I can still remember the doorbell tinkle as you opened the door.
It is the early 1930s and a boy of that period encountered many such establishments (mainly houses turned into shops). I lived in King Street in North Shields and as the eldest in the family I was assigned by my mother to do the ‘messages’ to all the shops in a small area.
In my street alone I could count ten. Just to list them, next-door was a typical front room shop, to this day I can still remember hearing the door bell tinkle away as soon as you opened the door. It was located at the top of the door on a spring like bracket. This was the only way the occupier of the house knew someone had come into the shop. The private part of the house was the kitchen and their front room was the shop and this was a common situation in other similar house shops.
At the other end of the street was Newton’s corner shop, on the opposite corner was another small shop that I remember had a cigarette machine attached to the wall next to its entrance. Going in the opposite direction at the other end of the street we had Hail’s the Butcher, there was always sawdust on the floor here. Just a few yards further on we had Hail’s the Grocer. Opposite was a cobbler and round the corner a newsagent. In those days my father used to buy the Daily Express mainly because if you kept the serial numbers of the paper safely until the correct number had been collected he could put them all in an envelope and by return of post receive a beautiful new book. The book that comes to mind is ‘All the Movie Stars of Early Motion Pictures’. He collected many books by this method which proudly filled my dad’s bookcase in the front room.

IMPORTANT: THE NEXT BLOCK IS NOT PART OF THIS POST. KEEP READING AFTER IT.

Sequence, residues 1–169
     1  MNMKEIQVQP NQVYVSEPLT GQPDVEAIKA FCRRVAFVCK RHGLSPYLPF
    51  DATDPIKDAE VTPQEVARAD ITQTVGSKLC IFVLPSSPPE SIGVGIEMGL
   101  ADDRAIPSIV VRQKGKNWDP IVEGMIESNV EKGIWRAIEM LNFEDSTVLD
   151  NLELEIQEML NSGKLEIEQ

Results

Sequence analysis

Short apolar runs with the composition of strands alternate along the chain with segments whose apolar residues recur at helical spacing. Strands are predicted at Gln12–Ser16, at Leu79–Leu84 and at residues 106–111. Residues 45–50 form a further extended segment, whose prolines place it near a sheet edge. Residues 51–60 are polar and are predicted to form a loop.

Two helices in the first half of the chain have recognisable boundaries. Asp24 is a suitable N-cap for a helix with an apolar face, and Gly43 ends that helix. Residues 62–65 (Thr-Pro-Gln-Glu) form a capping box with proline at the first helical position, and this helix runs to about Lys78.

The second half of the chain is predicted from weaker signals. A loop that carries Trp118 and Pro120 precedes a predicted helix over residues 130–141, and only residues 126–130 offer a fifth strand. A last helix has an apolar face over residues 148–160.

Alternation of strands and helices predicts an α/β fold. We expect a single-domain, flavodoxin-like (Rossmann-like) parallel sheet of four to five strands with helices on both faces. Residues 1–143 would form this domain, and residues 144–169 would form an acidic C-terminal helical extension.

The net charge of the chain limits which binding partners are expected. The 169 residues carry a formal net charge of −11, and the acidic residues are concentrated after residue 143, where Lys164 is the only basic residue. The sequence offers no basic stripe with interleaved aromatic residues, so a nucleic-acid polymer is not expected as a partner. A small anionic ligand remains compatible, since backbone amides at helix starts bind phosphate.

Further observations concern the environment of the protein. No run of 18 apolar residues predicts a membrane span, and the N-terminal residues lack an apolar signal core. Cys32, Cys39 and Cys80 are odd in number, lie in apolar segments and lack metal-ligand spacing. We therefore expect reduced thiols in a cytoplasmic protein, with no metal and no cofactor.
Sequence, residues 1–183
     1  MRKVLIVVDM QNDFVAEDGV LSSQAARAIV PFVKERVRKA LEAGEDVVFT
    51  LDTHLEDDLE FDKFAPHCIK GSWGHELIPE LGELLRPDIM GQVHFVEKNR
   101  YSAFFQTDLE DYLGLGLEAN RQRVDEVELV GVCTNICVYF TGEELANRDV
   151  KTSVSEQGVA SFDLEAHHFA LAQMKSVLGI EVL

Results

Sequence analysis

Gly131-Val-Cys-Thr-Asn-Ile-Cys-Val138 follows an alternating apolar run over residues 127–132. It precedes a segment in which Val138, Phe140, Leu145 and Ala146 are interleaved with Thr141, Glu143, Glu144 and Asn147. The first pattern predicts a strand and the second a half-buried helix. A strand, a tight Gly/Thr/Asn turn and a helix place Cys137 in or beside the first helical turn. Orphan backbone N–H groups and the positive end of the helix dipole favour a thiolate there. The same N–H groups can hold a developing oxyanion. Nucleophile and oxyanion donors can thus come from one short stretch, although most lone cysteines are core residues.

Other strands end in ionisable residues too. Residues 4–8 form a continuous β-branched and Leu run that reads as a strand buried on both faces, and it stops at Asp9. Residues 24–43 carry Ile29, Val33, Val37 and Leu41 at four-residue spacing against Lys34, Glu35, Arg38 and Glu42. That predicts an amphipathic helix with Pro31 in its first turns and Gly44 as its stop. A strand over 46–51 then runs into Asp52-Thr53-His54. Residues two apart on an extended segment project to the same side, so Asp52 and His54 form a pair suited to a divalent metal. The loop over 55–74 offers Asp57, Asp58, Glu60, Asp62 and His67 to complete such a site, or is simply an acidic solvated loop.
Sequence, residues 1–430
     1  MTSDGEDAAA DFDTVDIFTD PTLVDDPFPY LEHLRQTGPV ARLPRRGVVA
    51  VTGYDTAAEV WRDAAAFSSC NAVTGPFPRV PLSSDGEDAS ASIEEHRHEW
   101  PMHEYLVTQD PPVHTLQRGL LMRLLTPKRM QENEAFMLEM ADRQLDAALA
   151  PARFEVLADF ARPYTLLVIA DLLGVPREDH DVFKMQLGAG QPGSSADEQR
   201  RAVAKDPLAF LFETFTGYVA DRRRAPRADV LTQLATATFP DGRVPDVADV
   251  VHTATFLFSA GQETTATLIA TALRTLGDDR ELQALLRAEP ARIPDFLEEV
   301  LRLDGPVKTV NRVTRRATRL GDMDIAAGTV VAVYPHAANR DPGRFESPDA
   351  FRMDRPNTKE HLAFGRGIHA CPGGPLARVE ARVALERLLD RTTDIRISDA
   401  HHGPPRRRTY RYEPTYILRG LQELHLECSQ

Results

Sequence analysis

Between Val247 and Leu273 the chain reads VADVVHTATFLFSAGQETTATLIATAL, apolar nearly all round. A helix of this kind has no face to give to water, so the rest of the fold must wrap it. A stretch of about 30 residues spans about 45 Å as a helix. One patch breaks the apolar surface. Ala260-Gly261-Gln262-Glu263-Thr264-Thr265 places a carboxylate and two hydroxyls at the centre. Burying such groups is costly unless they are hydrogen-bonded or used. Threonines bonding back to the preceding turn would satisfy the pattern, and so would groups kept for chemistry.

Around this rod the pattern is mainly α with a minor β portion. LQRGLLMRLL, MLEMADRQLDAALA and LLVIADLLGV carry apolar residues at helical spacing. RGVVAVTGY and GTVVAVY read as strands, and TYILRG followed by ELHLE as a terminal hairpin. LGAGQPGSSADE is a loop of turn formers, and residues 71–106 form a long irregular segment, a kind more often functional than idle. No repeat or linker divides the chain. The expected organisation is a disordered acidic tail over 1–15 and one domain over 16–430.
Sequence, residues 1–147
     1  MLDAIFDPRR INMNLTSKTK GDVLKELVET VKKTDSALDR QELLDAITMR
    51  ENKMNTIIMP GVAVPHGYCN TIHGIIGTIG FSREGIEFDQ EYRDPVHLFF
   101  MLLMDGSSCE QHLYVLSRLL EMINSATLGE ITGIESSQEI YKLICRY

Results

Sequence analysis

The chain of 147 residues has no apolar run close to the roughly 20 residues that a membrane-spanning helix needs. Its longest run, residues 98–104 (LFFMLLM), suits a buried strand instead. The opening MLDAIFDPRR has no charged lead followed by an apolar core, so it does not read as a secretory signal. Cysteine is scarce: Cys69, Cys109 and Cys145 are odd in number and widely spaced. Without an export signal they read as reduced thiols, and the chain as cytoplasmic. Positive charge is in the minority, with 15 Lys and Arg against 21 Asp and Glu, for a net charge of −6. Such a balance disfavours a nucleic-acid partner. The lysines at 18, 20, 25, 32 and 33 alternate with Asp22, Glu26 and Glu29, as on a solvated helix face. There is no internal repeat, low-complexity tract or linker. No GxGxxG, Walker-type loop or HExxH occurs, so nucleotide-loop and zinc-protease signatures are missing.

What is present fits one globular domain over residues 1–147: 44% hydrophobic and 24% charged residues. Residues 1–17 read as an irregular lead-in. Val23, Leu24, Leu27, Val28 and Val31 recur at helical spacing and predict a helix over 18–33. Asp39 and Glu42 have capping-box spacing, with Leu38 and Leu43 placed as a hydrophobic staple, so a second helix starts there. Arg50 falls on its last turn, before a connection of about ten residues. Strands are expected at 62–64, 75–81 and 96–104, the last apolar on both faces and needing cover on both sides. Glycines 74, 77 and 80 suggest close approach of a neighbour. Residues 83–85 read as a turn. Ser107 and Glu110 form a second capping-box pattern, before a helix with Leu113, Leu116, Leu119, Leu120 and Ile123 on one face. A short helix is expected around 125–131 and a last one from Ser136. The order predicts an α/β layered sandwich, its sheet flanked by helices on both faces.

To get back to the shops. At the same end of the street we had another cobbler along with another butcher, a fruit and vegetable shop and a barber. In the back lane of the same street was a slaughter house, which would attract a lot of attention on the day. I will not go into details but remember seeing it happen and it was very frightening!
Back to the corner shops, most goods sold were reasonably cheap because there were no overheads. As children we only had coppers to spend so sweets were our favourites, for instance Lucky Bags, a Sherbet Lunch maybe, Liquorice Laces or a Smoking Pipe. Most items were attached to large cards hung on the wall for all to see. There were also non-perishable goods i.e., bundles of sticks for the fire, bottles of Tizer or babies comforters.
Another corner shop opposite the fruit shop was a tiny Post Office. Any more than two people waiting to be served would have to wait outside until someone came out. The shop window was full of wonderful children’s toys. I could never afford any of them; in fact I can never remember anyone ever buying one. On the other corner was a draper’s shop; this was strictly a lady’s shop.
Let’s not forget the most important house shop – the perennial Fish and Chip shop, which was fifty yards along Tynemouth Road with two doorsteps. Many was the time I’d run along there for a fish and chip supper for my mam and dad.
It was true as Napoleon once said – England is a nation of shopkeepers!